HEALTHY LIVING

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CAFFEINE / ENERGY DRINKS

WHAT'S WRONG WITH CONSUMING CAFFEINE?

Caffeine is the most widely used drug worldwide. Caffeine is present in many common foods (pretty much anything with chocolate), making it easy to over-consume as well as coffee, fizzy drinks and energy drinks. When caffeine turns problematic is when it disrupts your life in a negative way, yet you're unable to stop consuming it. Or you consume it in amounts that are potentially dangerous to your health despite knowing that it may be harming you mentally or physically. 

 

Caffeine addiction is the excessive and harmful use of caffeine over a period of time, such that it has negative effects on your health, social interactions, or other areas of your life.

 

WHAT ARE THE HEALTH RISKS?

Caffeine has various effects on the body that are potentially harmful to your health. There have been associations between caffeine with increased blood pressure and heart rhythm changes.

 

There is also a question of whether caffeine might be associated with increasing your risk of osteoporosis. One study found this to be the case for women in menopause with high caffeine intake.

 

Caffeine can also decrease your health by disturbing your sleep if it is consumed within six hours of bedtime. When you are sleep deprived, it makes it harder to function efficiently during the day. Sleep is also when your body heals, making it important for total health and even for immune function.

 

WHAT DOES A HEALTHY INTAKE LOOK LIKE?

The recommended daily amount of caffeine depends on a few things. If you’re an adult over the age of 18, and not pregnant, then the safe daily amount is up to 400mg per day (about four mugs of instant coffee or five mugs of tea). But, if you’re pregnant or breastfeeding, then the safe daily amount is reduced to 200mg per day.

 

Caffeine might affect children and teenagers more, or differently, than adults. In the UK, the recommended safe limit of caffeine in children and teenagers is 3mg/kg body weight, and it should only be consumed in moderation. For example, the safe limit for a healthy 10-year-old weighing 32kg would be 96mg of caffeine per day (two cups of weak tea).

 

WHAT ARE THE SIGNS OF HAVING TOO MUCH?

Caffeine is a stimulant, consuming too much can cause a cluster of symptoms associated with stimulation of the brain and nervous system. These symptoms include:

 

  • Dizziness

  • Feeling shaky

  • Headache

  • Increased blood pressure

  • Nervousness

  • Racing heart, or other heartbeat abnormalities

  • Sleep issues

 

As with all addictions, the pleasurable effects of caffeine can also sometimes mask other issues. Lack of energy and depression may underlie caffeine addiction. People may rely on caffeine to compensate for sleep disorders.

 

Caffeine intoxication produces symptoms that can easily be confused with anxiety disorders, such as panic attacks. Too much caffeine can also worsen symptoms of these disorders by intensifying feelings of worry, causing racing thoughts, increasing heart rate, and preventing relaxation and good-quality sleep.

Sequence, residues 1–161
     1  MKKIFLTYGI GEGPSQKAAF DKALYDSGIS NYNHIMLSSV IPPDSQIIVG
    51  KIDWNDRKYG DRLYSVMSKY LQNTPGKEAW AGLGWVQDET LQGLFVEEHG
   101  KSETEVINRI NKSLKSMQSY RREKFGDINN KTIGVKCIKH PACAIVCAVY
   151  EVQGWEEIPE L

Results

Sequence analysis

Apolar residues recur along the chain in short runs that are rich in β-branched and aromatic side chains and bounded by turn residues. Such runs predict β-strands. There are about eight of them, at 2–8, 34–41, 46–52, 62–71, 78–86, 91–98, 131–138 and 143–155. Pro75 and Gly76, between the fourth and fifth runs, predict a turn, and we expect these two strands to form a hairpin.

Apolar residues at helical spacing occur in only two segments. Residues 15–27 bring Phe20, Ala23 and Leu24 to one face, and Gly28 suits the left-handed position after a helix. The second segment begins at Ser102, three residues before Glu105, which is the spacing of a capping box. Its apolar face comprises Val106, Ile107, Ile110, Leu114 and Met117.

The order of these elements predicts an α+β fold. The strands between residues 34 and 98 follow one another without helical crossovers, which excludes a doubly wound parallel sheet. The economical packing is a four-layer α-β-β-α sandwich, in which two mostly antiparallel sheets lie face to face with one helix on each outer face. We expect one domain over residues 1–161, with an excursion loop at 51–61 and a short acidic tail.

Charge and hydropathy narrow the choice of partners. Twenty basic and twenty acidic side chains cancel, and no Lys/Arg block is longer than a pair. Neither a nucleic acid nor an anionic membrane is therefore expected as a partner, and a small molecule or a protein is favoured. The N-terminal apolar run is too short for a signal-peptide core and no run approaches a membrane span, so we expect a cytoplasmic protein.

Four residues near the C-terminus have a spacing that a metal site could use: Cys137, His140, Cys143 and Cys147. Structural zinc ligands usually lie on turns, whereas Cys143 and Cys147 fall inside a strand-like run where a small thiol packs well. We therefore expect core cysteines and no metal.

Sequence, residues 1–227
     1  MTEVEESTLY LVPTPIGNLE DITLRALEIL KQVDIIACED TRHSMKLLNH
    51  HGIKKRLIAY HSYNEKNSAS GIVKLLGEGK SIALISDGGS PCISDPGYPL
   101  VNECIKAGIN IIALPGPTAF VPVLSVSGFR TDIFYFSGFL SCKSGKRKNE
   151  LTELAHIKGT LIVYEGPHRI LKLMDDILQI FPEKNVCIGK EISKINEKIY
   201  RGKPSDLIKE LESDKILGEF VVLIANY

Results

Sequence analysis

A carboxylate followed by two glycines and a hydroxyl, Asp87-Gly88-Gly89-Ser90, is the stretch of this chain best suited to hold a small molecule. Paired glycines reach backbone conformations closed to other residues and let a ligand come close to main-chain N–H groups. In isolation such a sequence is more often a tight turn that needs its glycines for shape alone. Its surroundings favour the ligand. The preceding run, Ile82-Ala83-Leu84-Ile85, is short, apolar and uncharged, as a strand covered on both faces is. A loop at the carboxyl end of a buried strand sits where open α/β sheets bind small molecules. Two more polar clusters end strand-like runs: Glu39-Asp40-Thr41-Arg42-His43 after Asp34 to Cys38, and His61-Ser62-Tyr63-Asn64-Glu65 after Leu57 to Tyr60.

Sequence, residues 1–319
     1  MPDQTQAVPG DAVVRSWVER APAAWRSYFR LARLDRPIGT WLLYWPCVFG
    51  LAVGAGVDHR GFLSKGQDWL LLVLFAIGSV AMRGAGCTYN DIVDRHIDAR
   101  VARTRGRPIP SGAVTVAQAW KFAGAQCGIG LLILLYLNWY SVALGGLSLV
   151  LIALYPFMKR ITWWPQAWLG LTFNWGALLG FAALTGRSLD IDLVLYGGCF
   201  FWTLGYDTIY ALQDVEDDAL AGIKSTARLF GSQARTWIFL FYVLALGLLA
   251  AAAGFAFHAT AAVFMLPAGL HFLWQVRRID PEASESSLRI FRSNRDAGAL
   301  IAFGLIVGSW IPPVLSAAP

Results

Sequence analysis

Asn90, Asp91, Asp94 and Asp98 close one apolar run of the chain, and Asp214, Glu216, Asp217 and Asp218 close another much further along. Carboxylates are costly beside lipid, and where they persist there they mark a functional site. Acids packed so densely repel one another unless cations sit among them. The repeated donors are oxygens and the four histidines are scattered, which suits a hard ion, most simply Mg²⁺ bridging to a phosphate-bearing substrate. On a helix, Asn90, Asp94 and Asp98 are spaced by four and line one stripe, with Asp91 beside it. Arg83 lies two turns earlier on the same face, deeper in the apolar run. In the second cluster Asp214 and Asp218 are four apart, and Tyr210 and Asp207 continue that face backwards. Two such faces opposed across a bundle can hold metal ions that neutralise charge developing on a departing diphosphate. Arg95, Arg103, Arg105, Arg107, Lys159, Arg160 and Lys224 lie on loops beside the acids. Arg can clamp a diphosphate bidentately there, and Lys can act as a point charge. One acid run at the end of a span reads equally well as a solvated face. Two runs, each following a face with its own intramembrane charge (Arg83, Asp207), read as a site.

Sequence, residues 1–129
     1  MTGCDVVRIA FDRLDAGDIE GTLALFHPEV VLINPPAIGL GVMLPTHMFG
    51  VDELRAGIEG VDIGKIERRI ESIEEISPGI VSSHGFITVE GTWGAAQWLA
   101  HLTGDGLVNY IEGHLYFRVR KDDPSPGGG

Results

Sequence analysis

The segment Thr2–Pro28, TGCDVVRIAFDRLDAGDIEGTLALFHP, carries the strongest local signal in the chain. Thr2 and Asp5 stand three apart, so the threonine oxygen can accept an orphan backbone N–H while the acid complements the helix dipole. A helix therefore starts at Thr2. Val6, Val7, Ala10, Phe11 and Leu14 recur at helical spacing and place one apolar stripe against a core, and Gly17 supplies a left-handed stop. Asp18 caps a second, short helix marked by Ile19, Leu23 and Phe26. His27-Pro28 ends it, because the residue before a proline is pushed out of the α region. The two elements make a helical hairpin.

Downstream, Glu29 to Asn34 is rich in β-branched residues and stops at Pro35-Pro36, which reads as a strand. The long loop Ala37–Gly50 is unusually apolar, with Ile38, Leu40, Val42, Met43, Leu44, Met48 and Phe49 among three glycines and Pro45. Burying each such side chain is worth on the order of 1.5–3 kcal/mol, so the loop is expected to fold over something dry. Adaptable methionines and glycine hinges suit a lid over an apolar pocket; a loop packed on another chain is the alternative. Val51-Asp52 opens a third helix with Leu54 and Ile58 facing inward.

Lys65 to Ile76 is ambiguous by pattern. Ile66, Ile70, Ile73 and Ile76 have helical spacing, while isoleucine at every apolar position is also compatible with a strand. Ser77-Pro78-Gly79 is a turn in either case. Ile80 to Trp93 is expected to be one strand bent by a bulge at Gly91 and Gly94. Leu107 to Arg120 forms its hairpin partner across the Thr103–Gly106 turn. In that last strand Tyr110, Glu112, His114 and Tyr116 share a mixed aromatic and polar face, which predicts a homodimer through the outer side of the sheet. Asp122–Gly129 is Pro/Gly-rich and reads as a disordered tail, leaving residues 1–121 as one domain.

People who are overstimulated with caffeine can also exhibit symptoms consistent with attention deficit disorders. Conversely, caffeine withdrawal shares similar symptoms with mood disorders.

WHAT CAN HELP?

'Self-help' tips don't solve the issue. However, they can help you/others feel more in control when experiencing strong emotions. 

If you find that 'self-help' isn't enough, consider reaching out to a counsellor or your GP for help managing overwhelming emotions. 

01

Assess your intake. Calculate how much caffeine you are consuming on a typical day. How many energy drinks do you have a day? How many coffees?

02

Pay attention to how you feel. Make a note of any side effects you experience after consuming caffeine. Also note any adverse effects you feel if you lower your normal intake or skip caffeine entirely. Pay attention to both mental and physical effects for a more complete picture of how you are impacted by its use.

03

Cut back gradually, over a number of days or weeks. Stopping too quickly can result in withdrawal symptoms, such as headaches, fatigue and irritability.

04

If you have insomnia or struggle to sleep well, avoid drinking caffeinated beverages late in the day or switch to decaf options.

05

Remember that caffeine isn’t just found in tea and coffee. It’s also found in lots of foods like chocolate and some fizzy drinks, as well as in some medicines.

06

Stay hydrated with other low or non-caffeinated drinks, such as water or green tea.

07

Think of the benefits. If you are drinking more than 3 caffeinated drinks per day, your health might be affected. In moderate doses, caffeine is healthy, but larger amounts can cause serious problems.

08

Giving up caffeine can be pretty stressful for your mind and body. You might experience withdrawal symptoms like anxiety or nervousness and headaches.[Make time to relax and remind yourself that these symptoms are temporary.

09

Get moving. exercise actually increases your energy and can be a healthy alternative for you if you’ve decided to quit caffeine.

10

Remember the positive benefits on your health of reducing your intake. If you are struggling with reducing this then seek help from your GP

EXTERNAL INFORMATION, SUPPORT AND ADVICE

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